Someone recently got in touch with some pertinent questions about my contention that the main trajectory of New Testament eschatology lands not at the end-of-the-world but firmly in the muddy battle-field of history, at the conversion of Rome.
This is not just a question about New Testament eschatology, of course. It is also a question—as will become clear—about how we understand revelation and, indeed, about how we understand God.
If I have understood you correctly, Constantine marks the moment of eschatological fulfillment that the NT writings anticipate, correct? But where I struggle is that I just can’t imagine God getting all excited and working towards the deathbed baptism of a military leader and the subsequent slow descent into corruption by his church.
Yes, I would say that the conversion of Constantine marks the most significant moment of eschatological fulfilment in the New Testament, but the statement needs to be qualified in two respects.
First, the conversion of Constantine only marks the moment—he is a convenient cipher. The real fulfilment from a biblical point of view, is that the nations of the Greek-Roman oikoumenē, in effect the empire, which formerly served other gods and opposed YHWH and his people, came to confess that Jesus Christ is Lord, to the glory of Israel’s God (cf. Phil. 2:9-11). In that regard, what God thought of Constantine is neither here nor there, but there is some scope for rethinking his place in salvation-history. Peter Leithart, in Defending Constantine: The Twilight of an Empire and the Dawn of Christendom, comments rather smartly on one of the ironies of Yoder’s anti-Constantinianism:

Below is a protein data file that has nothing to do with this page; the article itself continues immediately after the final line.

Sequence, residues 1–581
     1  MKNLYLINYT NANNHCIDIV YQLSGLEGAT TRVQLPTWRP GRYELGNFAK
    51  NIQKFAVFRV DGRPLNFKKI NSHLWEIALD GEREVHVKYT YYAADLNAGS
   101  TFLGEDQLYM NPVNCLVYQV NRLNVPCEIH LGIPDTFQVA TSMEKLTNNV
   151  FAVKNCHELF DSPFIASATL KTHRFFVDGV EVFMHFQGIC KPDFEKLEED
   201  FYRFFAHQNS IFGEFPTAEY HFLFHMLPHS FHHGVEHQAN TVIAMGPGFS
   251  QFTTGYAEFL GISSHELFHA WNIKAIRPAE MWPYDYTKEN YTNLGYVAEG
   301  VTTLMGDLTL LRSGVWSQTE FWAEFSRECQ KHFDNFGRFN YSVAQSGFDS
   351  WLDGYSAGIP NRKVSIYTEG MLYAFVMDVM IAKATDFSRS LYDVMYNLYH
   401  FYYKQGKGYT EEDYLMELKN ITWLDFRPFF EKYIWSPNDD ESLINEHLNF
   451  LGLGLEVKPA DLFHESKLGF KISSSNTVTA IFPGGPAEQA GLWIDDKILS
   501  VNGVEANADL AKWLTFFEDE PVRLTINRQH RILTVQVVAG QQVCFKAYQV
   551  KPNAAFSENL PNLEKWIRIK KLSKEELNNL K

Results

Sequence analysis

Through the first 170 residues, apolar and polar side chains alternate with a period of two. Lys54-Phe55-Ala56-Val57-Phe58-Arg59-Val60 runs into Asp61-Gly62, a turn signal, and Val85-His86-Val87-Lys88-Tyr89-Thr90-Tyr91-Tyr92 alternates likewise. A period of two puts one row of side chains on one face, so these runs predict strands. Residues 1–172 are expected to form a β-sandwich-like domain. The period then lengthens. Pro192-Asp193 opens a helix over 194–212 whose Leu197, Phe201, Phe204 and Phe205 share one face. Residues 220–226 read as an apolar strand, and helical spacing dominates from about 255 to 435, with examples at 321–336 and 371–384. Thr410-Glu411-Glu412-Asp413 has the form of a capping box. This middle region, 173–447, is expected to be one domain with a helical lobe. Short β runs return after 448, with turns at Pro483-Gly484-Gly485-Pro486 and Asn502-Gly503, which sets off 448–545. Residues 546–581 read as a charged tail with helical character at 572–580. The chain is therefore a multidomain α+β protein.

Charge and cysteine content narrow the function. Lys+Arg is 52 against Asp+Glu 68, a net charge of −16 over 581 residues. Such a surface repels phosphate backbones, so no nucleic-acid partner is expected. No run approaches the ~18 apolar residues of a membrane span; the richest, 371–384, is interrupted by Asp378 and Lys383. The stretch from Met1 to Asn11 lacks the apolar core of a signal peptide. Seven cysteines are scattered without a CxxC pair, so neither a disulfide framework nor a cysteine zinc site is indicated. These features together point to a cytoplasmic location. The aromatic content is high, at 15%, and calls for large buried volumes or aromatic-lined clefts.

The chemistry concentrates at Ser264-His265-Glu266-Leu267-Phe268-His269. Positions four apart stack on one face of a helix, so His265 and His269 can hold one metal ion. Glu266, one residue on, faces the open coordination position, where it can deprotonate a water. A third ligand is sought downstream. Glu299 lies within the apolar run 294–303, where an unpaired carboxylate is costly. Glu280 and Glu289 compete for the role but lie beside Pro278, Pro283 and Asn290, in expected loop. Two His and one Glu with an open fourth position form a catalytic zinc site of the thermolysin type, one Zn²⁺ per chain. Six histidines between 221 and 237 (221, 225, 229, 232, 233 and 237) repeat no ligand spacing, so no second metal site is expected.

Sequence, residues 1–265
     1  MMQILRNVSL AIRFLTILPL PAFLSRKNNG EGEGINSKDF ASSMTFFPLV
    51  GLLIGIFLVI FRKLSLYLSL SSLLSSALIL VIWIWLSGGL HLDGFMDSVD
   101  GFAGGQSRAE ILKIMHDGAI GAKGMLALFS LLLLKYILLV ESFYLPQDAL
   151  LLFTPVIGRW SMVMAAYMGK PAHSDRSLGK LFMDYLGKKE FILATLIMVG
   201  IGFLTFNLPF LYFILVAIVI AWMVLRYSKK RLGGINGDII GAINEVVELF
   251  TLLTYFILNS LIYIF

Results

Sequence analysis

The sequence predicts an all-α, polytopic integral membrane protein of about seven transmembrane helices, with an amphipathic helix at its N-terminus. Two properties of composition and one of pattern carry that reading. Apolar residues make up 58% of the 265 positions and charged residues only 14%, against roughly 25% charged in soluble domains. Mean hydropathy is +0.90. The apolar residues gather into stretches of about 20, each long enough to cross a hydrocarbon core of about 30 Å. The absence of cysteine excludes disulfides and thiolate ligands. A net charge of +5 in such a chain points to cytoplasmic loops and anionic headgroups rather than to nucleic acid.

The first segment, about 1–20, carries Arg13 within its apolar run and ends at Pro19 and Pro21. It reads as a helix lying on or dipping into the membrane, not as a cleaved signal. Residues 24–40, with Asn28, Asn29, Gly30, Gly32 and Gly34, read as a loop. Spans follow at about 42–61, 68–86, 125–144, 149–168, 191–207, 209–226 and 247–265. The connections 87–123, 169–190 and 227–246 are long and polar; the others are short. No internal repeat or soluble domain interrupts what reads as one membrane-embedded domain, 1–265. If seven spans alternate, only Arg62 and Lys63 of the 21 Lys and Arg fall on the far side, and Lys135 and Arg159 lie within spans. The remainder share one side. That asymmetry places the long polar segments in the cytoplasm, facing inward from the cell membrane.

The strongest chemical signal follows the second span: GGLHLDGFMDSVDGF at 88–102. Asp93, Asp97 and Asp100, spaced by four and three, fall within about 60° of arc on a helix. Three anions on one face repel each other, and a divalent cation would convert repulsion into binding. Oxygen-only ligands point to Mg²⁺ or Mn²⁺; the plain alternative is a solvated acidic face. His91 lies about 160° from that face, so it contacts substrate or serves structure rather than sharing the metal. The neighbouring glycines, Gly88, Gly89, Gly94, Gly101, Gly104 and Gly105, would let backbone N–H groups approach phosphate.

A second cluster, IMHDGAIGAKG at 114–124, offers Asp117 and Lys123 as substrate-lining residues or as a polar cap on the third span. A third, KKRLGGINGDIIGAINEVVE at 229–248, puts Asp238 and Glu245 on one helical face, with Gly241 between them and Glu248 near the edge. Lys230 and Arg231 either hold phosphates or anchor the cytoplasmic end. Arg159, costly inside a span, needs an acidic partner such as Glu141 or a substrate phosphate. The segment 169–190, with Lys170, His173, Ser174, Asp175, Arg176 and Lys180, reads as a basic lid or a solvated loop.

Yoder’s opposition to Constantine suffers from the same oversight as earlier forms of anti-Constantinianism with regard to martyrs. He longs for the hardy faithfulness of the martyr church but does not recognize that the martyrs were motivated by something very different from anti-Constantinianism. They died, one might almost say, in the hope that the Lord would raise up an emperor very like Constantine, through whom the Lord would show that their blood had not seeped silent into the earth. (309-10)
This is not to absolve Constantinianism of its subsequent sins, but it does highlight the relevance of perspective. A major part of my argument in The Future of the People of God is that the motif of suffering—notably Romans 8:16-39—has just this eschatological orientation. In his suffering and vindication Christ is “firstborn among many brothers”—that is, many others have been called to be “conformed to the image” of the martyred one (Rom. 8:28-29). This is not a narrative for the universal church at all times and in all places. It is a narrative for the early churches as they confronted the frightening hegemony of classical paganism.